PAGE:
Definition of Internet Troll

Often I see forum members who are actively trolling and when confronted with this respond: “What is trolling? I’m not aware of what that is.” I think their response is genuine. So here is a fairly detailed definition of trolling. It usually applies to online communities. The act of trollling also consists of entering communities where the member is full aware their involvement is not appropriate.

Definition of Internet Troll and Online Trolling

In Internet terminology, a troll is a person who enters an established community such as an online discussion forum and intentionally tries to cause disruption, often in the form of posting messages that are inflammatory, insulting, incorrect, inaccurate, absurd, or off-topic, with the intent of provoking a reaction from others. Trolls can also be existing members of such a community that rarely post and often contribute no useful information to the thread, but instead make argumentative posts in an attempt to discredit another person, more often than not based on what they thought was said rather than what was actually said by the other person, concentrating almost exclusively on facts irrelevant to the point of the conversation, with the intent of provoking a reaction from others. The key element under attack by a troll is the forum or group’s hegemony. Hegemony refers to the recognized and agreed upon power structure of the said group or community. To this extent, a troll does not necessarily have to make malicious or incorrect comments. For example, a liberal-minded person who approaches a forum frequented by right-wing neo-nazis, may be considered a troll, even if no lies or attacks are made.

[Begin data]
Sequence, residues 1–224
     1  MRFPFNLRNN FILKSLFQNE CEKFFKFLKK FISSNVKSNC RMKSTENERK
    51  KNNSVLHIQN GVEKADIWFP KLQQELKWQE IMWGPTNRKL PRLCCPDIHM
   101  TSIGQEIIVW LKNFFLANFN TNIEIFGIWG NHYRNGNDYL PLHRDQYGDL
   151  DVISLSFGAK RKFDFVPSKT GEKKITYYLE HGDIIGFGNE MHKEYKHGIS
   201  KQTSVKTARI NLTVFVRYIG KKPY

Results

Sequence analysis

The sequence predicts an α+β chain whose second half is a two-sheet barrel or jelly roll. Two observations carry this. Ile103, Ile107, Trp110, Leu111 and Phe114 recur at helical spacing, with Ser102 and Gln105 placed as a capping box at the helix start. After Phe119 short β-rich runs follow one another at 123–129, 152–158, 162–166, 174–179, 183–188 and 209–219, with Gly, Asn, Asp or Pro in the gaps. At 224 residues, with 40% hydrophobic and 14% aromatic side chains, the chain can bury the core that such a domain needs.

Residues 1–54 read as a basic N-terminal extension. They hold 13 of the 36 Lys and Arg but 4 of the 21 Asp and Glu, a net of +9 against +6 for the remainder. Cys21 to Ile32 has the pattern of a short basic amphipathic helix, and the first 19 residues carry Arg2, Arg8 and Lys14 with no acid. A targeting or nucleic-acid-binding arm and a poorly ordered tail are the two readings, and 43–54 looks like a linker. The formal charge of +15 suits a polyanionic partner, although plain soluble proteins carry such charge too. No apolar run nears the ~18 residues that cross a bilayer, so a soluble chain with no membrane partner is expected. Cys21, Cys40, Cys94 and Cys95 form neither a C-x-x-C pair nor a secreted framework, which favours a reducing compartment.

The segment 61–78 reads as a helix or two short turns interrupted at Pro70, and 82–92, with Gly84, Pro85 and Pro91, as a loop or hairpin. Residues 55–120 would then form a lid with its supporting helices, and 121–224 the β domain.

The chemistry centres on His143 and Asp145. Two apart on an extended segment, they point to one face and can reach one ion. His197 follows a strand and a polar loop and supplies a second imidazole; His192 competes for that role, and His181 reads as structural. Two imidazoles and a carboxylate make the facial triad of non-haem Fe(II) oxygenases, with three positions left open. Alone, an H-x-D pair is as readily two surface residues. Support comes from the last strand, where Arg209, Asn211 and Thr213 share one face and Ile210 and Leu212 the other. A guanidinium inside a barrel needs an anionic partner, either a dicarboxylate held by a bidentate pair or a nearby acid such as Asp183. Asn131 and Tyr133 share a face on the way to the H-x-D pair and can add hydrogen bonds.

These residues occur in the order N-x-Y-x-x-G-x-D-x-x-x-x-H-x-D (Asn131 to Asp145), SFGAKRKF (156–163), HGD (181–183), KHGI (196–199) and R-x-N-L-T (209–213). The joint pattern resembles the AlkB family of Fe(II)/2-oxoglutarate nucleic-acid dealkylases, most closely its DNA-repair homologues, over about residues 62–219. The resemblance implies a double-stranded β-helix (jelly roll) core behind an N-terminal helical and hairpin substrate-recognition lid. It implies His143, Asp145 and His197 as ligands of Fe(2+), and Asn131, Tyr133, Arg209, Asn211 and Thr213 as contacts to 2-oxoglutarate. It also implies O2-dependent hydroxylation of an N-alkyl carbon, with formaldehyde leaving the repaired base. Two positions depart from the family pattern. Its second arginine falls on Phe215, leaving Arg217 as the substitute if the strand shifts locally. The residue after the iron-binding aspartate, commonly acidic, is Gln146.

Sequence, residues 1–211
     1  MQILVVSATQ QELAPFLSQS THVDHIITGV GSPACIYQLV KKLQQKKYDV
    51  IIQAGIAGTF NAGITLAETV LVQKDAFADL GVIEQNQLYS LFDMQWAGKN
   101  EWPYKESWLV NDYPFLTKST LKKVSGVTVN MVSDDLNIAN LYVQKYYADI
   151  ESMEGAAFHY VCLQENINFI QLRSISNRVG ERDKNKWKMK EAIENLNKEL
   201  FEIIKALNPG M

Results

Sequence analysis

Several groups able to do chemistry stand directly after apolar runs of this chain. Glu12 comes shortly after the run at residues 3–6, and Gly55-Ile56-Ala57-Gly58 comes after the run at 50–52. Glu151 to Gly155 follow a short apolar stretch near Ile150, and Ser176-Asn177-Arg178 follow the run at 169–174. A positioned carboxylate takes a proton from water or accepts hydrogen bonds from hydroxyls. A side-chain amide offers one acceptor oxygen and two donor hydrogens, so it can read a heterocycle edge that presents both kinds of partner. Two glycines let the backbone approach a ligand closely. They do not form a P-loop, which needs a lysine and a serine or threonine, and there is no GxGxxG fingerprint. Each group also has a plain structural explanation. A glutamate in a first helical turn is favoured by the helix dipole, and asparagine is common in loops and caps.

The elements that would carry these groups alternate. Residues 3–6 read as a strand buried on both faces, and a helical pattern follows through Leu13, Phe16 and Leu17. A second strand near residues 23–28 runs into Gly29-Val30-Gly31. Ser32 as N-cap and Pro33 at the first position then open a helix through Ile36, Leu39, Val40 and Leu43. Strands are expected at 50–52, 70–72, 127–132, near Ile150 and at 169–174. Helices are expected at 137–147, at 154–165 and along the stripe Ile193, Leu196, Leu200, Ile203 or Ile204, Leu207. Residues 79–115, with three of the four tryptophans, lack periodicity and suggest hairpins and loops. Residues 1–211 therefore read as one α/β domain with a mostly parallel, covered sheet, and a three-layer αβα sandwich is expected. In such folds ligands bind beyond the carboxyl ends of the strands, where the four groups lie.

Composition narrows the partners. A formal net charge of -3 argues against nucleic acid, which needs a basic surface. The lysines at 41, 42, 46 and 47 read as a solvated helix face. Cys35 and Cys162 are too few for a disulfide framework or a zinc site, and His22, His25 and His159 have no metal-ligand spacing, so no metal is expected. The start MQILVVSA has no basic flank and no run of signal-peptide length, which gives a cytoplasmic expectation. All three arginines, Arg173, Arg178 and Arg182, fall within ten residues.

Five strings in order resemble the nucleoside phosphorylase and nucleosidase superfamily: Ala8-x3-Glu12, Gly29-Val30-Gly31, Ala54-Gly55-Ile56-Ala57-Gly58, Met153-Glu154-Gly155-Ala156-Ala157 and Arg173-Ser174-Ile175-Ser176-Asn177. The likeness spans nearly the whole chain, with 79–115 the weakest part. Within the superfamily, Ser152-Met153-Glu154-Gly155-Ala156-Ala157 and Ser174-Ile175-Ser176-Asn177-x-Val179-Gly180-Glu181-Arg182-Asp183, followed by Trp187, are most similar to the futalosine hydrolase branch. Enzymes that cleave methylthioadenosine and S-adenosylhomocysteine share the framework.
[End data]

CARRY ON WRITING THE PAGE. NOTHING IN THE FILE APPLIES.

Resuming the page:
A person who retaliates (using whatever means) as a result of a misunderstanding (or as a way of rebelling against the overzealous application of rules) is not a troll. A troll is a person who approaches a board with the specific intention of destroying a forum’s hegemony, either with no particular motive or provocation in mind, other than to be purely destructive or if the motive or provocation is against the ethos of the board. For example, a neo-nazi approaching a Jewish forum with the intention of attacking the members, purely because the neo-nazi knows the forum to contain Jewish members, may be considered a troll. A Jewish member of the said forum, who becomes angry with the neo-nazi and breaks the rules in gaining revenge against the neo-nazi, and who is subsequently banned and who then begins to rebel, is not a troll.

The general element, that determines whether a malicious user is a troll or not, is the level of indignant emotions present in the person, coupled with the person’s history with the forum or group. An indignant user who has had a previous normal relationship with the group is not a troll, even if the user uses methods of attack that are characteristic of a troll attack.

The term Troll is often used as an insult in online communications, resulting in it being largely misapplied.

From Wikipedia Trolling

One thought on “Definition of Internet Troll

Leave a Reply

Your email address will not be published.